• Within 5 years, quintupling the number of NIH individual research fellowship and career development awards, such as the NIH F and K grant mechanisms, awarded to young scientists to give them more autonomy in their training.
  • Putting a 3-year cap on how long PIs' research grants can support a postdoc’s salary to encourage the postdoc to graduate to a tenure-track or permanent staff position, or else seek employment outside academia. (Years spent on an independent fellowship wouldn't count toward the cap.)
  • Imposing a $1000 fee on PIs for each postdoc they employ, with that money feeding into a mentorship and career guidance programming fund.
  • Raising the NIH National Research Service Award starting postdoc salary—which serves a model for institutional postdoc salaries—from $43,700 to $52,700.
  • Requiring universities and other research institutions to regularly collect, analyze, and disseminate data on career outcomes as a condition for receiving NIH funding, so that postdocs have a realistic idea about their prospects.
  • Requiring NIH-funded PIs to show evidence that they have provided career mentorship and training to their postdocs.

By limiting how long postdocs can be federally funded and by making it more expensive to keep them designated as trainees, research institutions will have an incentive to employ more permanent staff scientists, providing a much-needed additional career option for young scientists, says committee member Story Landis, former director of the National Institute of Neurological Disorders and Stroke in Bethesda, Maryland.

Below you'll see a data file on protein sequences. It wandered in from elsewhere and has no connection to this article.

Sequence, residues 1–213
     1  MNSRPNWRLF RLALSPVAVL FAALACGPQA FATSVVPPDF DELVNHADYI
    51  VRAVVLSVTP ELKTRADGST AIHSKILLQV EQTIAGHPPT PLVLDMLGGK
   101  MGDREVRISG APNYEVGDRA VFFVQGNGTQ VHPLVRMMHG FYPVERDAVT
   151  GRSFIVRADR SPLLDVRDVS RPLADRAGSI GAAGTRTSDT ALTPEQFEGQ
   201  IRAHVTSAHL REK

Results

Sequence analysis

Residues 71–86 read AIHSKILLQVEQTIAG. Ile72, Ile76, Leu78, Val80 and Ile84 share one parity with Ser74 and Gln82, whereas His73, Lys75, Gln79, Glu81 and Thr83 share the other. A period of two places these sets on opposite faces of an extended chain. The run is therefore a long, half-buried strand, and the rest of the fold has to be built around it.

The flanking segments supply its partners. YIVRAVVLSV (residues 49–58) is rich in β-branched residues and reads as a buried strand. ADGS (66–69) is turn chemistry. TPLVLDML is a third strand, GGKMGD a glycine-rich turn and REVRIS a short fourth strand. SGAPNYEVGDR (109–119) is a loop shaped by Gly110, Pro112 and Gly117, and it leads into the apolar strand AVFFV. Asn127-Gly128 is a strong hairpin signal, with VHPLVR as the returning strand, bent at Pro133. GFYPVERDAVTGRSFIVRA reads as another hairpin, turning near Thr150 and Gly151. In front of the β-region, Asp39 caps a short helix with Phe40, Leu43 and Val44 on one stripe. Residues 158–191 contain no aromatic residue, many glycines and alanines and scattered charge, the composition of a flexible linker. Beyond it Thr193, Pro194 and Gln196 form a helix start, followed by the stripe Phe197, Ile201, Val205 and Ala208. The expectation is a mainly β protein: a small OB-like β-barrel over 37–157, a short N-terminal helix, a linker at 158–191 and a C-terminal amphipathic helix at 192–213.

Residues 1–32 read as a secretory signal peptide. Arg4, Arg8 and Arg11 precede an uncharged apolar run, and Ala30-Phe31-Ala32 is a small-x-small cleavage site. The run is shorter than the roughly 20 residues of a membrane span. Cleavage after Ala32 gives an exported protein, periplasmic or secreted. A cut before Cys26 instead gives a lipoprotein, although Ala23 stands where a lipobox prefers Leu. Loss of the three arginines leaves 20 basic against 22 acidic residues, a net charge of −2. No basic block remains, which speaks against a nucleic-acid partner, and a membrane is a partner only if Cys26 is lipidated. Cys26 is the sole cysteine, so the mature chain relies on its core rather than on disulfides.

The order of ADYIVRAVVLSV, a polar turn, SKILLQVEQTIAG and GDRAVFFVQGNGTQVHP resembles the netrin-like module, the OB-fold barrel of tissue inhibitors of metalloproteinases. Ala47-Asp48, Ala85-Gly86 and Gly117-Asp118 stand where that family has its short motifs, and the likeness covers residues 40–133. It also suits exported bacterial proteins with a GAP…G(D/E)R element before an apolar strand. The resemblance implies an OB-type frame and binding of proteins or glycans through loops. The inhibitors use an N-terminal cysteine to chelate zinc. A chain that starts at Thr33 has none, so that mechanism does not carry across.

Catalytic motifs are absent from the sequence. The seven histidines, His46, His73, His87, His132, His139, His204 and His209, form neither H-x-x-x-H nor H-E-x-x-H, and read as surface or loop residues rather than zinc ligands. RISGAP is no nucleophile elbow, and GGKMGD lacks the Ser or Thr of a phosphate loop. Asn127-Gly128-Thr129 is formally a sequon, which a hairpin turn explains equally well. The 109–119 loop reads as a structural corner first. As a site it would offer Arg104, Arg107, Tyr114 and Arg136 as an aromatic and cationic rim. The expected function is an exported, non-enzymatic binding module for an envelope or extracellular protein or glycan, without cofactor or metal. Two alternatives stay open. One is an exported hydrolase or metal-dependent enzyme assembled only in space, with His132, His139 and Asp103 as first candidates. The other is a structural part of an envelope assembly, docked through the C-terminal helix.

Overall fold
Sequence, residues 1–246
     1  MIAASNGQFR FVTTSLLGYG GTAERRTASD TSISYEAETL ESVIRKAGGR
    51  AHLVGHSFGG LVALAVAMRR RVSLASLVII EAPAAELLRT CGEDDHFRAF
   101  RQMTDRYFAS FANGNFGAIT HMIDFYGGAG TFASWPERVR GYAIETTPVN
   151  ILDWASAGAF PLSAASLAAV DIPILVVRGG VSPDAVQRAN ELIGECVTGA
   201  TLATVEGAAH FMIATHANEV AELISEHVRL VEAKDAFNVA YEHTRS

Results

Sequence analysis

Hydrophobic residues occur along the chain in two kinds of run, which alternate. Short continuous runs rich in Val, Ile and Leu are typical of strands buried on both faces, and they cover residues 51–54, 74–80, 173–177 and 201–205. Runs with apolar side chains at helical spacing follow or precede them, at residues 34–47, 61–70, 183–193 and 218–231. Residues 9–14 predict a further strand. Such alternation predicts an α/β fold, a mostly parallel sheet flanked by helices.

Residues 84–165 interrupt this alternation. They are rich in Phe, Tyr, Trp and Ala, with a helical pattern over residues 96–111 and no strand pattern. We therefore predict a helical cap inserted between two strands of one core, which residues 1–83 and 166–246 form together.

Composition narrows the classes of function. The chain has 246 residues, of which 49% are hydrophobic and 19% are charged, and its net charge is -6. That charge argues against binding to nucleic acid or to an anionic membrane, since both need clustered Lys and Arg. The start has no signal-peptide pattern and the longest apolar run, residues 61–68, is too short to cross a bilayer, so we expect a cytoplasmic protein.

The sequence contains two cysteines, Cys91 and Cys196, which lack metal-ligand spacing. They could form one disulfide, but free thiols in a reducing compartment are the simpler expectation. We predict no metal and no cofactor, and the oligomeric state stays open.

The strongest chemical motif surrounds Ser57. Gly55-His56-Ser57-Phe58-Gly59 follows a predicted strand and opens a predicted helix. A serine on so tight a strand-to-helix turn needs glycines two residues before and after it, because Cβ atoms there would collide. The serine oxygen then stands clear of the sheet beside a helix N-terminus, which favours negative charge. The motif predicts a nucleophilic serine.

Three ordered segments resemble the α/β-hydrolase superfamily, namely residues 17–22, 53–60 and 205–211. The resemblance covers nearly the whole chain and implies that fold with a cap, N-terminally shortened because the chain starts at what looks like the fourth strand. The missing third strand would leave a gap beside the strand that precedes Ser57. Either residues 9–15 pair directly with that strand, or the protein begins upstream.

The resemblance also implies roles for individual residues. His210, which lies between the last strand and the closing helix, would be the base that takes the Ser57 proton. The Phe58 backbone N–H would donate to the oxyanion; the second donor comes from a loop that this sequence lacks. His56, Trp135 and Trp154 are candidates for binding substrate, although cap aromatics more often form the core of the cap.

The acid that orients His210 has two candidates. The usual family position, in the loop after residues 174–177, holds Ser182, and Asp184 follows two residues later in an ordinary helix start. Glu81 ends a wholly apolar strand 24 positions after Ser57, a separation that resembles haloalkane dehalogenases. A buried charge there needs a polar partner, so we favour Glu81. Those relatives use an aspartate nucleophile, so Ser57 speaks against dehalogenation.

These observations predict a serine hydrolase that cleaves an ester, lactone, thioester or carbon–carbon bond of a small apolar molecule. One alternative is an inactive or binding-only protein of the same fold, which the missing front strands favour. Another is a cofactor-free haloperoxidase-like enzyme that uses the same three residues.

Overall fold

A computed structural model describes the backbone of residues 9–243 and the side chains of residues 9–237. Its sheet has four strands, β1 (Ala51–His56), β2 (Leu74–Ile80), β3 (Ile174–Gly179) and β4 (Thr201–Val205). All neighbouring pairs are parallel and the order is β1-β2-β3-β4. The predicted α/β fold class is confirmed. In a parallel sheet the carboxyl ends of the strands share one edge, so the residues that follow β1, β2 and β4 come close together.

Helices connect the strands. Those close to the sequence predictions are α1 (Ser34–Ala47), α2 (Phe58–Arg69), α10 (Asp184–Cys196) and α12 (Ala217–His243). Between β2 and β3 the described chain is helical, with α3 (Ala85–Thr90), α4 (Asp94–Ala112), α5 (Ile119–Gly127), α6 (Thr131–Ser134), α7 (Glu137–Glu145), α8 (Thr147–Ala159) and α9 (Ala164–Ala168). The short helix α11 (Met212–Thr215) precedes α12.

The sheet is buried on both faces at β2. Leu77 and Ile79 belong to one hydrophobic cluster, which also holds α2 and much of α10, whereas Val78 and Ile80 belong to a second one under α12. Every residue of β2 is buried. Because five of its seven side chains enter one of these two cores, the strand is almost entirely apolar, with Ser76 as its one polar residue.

To help ensure accountability for improving the welfare of biomedical scientists, the report’s top recommendation is that Congress create a Biomedical Research Enterprise Council (BREC) drawn from the broad community of stakeholders, including federal funding agencies such as NIH and the National Science Foundation, governmental research agencies, universities, private companies, and professional societies. However, the NASEM committee didn’t prescribe what powers or authority the BREC might have to enforce either the report’s recommendations or additional solutions the council might think up.

Also included in the report are recommendations that NIH require PIs to submit diversity and inclusion plans as a regular part of grant submission and provide updates on their team’s diversity in progress reports.

Elizabeth Watkins, graduate division dean at the University of California, San Francisco, says she supports efforts to make it more expensive for PIs to indefinitely keep on scientists as trainees, but fears her colleagues will balk at having to prove their mentorship. “Many faculty will bristle at yet another reporting requirement,” she said.

Chris Pickett, director of the Rescuing Biomedical Research organization based at Princeton University, added that he was initially skeptical of whether the panel’s recommendations would lead to any concrete implementations. Too many reports like this one have come and gone with little change happening, he said. But he’s hopeful that stakeholders within the proposed BERC might hold each other accountable.

“There are definitely some corners of the research enterprise that will write this off as just another report or just another list of recommendations, but I think that’s wrong,” he said. “This is a conversation and progress takes time and effort.”